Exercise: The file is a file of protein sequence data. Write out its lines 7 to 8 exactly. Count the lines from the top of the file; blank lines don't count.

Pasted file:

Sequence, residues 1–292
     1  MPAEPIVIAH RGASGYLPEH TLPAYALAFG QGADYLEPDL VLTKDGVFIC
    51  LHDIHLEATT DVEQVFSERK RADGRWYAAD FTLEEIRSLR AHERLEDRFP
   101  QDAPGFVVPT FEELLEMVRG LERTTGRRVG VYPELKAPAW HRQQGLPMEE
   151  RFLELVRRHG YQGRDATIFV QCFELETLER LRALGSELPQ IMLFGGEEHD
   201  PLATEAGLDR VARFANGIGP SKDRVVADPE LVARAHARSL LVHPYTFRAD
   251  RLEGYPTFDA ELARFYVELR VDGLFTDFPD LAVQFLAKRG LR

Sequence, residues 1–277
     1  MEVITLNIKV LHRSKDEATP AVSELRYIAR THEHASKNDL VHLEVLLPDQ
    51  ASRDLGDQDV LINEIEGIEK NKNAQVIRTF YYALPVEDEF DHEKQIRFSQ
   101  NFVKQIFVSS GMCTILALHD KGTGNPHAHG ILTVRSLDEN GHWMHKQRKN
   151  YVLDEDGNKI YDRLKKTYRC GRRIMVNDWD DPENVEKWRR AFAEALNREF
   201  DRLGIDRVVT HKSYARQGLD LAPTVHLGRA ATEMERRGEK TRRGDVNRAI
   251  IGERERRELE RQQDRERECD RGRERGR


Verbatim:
   251  RLEGYPTFDA ELARFYVELR VDGLFTDFPD LAVQFLAKRG LR

Sequence, residues 1–277